ATV, dirt bike use is limited in area
They are fun to operate, but how many All Terrain Vehicle (ATV) and dirt bike riders can claim what they are doing is legal?
Department of Natural Resources (DNR) Conservation Officer Greg Oldakowski has a considerable list of do's and don'ts to go by in enforcing state laws. The state government shutdown has not affected Oldakowski and if he sees a person on an ATV heading down a highway or a dirt bike tearing down a township road he is going to do some investigating.
To start with, youth need an ATV safety certificate. To be on a township road or even in a ditch they need a driver's license. The law changes subtly when that ATV operator pulls onto a county road. There a driver's license does not entitle him to ride on the road but he can ride in the ditch. The ATV also has to be licensed.
Oldakowski recommends that farmers who use dirt bikes to herd livestock have an ag sticker. The sticker allows them to drive down a county road or a highway.
Oldakowski does not know of any public trails for ATV and dirt bike use in the Wadena area but there are trails designated for their use in Huntersville State Forest, in northeastern Wadena County.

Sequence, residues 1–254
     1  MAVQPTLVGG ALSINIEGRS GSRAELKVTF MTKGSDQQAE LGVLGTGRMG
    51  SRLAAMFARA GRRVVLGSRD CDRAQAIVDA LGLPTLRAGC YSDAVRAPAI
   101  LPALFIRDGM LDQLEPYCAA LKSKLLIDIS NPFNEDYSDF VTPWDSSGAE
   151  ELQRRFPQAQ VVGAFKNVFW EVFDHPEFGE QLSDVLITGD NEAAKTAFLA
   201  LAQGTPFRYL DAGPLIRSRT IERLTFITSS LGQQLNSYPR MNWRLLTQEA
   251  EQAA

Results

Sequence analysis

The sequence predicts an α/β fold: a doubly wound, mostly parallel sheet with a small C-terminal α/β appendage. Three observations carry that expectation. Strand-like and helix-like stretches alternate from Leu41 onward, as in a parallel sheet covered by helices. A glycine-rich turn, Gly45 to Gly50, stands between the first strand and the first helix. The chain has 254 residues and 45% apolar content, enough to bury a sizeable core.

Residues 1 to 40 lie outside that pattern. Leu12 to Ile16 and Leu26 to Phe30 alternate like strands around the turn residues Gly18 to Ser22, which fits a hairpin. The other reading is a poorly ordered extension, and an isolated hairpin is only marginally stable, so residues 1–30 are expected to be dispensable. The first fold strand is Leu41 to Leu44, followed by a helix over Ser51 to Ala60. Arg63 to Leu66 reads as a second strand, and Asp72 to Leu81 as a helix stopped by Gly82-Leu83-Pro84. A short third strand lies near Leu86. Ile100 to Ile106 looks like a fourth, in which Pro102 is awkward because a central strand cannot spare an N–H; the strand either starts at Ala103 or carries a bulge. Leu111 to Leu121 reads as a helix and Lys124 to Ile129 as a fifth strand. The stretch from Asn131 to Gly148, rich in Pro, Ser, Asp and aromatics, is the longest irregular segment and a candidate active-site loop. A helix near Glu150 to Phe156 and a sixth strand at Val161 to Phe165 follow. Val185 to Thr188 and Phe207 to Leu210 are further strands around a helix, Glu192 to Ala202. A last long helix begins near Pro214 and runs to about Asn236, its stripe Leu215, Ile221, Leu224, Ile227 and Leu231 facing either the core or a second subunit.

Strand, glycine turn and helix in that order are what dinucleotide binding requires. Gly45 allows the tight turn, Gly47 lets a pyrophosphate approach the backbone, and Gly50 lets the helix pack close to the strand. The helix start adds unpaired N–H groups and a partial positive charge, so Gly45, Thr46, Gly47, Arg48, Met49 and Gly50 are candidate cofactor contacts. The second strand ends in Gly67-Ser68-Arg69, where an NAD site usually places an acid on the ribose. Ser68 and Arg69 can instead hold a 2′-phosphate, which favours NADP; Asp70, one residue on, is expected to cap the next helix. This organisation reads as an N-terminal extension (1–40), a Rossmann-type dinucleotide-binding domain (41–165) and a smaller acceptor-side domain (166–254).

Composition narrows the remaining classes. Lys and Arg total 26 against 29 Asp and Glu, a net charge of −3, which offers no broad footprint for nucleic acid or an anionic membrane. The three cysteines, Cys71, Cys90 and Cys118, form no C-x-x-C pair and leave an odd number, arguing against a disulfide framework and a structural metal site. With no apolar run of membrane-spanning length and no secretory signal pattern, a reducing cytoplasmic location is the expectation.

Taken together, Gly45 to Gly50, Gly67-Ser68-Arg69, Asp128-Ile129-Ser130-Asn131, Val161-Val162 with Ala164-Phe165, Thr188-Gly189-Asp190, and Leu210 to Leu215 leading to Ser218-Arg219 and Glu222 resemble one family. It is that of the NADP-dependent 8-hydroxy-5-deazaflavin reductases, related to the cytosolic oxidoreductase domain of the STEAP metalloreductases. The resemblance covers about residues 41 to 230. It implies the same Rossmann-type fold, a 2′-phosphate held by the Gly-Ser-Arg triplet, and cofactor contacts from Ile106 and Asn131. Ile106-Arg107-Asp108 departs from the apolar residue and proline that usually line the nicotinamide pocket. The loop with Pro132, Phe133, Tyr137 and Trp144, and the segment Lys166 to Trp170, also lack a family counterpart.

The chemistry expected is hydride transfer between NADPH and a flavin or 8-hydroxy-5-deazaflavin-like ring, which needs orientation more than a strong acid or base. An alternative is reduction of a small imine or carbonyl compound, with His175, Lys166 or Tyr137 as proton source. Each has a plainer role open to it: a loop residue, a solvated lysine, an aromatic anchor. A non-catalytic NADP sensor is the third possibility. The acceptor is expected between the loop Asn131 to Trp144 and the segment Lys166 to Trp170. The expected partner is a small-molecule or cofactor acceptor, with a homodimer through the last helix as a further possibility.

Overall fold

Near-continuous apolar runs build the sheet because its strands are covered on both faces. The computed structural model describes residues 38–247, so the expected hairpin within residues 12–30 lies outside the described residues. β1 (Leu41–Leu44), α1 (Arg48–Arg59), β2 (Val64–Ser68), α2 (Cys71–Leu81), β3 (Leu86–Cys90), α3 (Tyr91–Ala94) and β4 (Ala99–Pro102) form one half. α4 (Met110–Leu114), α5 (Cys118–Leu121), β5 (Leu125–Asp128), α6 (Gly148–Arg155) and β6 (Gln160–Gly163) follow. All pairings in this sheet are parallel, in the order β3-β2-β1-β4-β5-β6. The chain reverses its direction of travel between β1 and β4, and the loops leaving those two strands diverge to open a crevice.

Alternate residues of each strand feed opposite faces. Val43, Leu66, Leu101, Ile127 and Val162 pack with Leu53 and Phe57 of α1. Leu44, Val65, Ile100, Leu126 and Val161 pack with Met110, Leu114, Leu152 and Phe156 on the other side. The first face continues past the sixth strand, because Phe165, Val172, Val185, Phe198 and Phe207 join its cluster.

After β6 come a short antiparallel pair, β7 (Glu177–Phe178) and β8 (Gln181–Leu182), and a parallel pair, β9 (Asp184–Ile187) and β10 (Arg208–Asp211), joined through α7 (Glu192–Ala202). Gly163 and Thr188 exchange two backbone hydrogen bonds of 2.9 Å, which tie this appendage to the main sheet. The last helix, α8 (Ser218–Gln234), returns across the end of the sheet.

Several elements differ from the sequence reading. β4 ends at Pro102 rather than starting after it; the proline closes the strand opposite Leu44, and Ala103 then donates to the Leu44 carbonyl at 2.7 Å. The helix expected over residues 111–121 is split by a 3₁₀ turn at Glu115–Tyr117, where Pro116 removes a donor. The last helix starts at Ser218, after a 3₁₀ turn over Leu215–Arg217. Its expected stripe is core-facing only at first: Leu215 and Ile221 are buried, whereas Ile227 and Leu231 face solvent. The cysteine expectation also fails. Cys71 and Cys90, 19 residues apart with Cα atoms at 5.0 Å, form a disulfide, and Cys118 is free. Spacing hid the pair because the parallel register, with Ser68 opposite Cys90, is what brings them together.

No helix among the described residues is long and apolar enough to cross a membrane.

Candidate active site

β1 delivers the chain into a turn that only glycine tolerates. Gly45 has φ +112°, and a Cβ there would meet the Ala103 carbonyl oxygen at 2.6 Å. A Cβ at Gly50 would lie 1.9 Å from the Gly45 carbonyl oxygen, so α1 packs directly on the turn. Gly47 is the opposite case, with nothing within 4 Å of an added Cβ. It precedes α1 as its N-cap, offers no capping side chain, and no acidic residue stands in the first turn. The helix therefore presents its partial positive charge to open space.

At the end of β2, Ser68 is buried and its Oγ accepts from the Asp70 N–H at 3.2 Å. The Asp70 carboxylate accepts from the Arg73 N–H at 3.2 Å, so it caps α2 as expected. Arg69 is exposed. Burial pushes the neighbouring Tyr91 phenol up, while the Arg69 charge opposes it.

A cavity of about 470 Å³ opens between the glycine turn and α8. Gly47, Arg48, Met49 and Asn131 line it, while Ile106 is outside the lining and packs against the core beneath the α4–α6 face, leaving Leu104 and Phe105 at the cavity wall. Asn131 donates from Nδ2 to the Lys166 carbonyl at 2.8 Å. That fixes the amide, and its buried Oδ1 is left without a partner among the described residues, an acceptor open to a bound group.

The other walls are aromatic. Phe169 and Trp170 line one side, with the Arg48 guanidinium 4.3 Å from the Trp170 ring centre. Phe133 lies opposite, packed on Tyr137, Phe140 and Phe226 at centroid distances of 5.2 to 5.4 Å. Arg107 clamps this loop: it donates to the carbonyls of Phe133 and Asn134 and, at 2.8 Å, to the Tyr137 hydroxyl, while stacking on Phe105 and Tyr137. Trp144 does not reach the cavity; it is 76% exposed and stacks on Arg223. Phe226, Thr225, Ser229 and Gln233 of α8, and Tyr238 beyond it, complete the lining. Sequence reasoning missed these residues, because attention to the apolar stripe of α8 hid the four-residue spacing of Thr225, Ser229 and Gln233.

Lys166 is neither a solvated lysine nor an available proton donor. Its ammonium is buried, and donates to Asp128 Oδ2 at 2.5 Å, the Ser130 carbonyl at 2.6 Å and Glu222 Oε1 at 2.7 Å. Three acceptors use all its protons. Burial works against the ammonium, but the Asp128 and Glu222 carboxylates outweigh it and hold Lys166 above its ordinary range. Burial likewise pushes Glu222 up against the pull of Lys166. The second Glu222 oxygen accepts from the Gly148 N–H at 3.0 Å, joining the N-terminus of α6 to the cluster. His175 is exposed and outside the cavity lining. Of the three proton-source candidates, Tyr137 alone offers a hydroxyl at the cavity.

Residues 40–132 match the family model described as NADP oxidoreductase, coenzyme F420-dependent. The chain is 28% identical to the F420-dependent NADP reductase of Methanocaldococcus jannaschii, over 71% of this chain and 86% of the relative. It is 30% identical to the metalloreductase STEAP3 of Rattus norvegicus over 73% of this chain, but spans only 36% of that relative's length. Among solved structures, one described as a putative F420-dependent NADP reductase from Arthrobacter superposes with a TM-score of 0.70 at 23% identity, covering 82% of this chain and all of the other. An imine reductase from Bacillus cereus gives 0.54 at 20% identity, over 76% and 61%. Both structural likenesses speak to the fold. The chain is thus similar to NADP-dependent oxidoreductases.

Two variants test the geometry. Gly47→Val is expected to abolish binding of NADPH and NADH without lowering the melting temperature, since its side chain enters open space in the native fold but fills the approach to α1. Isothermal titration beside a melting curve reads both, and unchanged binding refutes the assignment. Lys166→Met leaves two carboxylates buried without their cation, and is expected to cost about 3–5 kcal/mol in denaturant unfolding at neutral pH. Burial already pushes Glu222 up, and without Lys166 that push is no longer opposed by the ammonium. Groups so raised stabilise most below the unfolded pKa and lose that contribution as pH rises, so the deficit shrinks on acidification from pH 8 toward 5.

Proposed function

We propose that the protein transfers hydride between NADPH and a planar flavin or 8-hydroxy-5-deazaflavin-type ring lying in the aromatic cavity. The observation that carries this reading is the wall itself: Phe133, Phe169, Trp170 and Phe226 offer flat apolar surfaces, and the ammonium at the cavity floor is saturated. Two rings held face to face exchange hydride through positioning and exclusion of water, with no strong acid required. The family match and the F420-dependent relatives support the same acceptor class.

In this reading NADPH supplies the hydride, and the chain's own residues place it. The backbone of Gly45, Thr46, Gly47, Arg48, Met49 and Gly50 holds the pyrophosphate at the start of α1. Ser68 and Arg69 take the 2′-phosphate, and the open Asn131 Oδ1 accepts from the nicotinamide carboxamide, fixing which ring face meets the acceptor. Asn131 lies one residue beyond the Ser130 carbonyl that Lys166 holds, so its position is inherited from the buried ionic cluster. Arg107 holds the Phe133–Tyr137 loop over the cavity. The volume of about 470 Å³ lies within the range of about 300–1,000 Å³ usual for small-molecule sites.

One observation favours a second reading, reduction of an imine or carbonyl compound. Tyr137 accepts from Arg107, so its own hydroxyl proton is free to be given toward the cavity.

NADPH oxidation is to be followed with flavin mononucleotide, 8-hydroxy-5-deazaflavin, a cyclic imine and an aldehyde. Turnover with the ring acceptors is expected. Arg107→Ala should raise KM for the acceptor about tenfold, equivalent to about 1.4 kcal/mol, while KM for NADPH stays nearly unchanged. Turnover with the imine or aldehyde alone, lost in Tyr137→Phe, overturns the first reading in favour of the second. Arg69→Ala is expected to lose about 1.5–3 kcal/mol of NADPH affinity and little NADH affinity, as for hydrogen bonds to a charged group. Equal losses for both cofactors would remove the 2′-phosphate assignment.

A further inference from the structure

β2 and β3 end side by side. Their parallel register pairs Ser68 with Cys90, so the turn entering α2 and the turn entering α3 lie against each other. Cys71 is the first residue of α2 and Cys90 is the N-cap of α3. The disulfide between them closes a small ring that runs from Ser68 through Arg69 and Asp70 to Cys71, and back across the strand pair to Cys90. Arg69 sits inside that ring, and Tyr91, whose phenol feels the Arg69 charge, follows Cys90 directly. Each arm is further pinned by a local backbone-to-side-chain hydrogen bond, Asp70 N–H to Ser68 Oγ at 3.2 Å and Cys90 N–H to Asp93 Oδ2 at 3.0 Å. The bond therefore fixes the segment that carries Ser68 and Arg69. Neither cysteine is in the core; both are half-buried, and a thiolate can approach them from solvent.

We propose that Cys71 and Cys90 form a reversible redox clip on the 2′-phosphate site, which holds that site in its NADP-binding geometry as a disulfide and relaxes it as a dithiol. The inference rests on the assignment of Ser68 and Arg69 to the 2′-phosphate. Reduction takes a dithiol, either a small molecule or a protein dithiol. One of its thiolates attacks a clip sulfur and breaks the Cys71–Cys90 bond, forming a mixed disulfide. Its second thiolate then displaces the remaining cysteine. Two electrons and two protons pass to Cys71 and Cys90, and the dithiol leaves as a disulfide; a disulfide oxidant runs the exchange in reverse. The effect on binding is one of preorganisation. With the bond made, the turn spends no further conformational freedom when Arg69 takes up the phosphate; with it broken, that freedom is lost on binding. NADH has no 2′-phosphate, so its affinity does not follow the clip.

Many dirt bike operators are just out for some off-road fun so turn signals, lights and even license plates are not all that practical or desirable. License plates on dirt bikes do not tend to stay on very well in heavy use.
Wadena Police Chief Bruce Uselman and his officers will hustle ATV and dirt bikers off a public street.
"If we see them we will stop them and tell them they can't do that," Uselman said.
City police officers will only allow a dirt bike to operate on a public street if it is licensed.
Uselman said that ATVs can be used for snow removal or on a construction site in Wadena. They can also be used on private property with the permission of the property owner.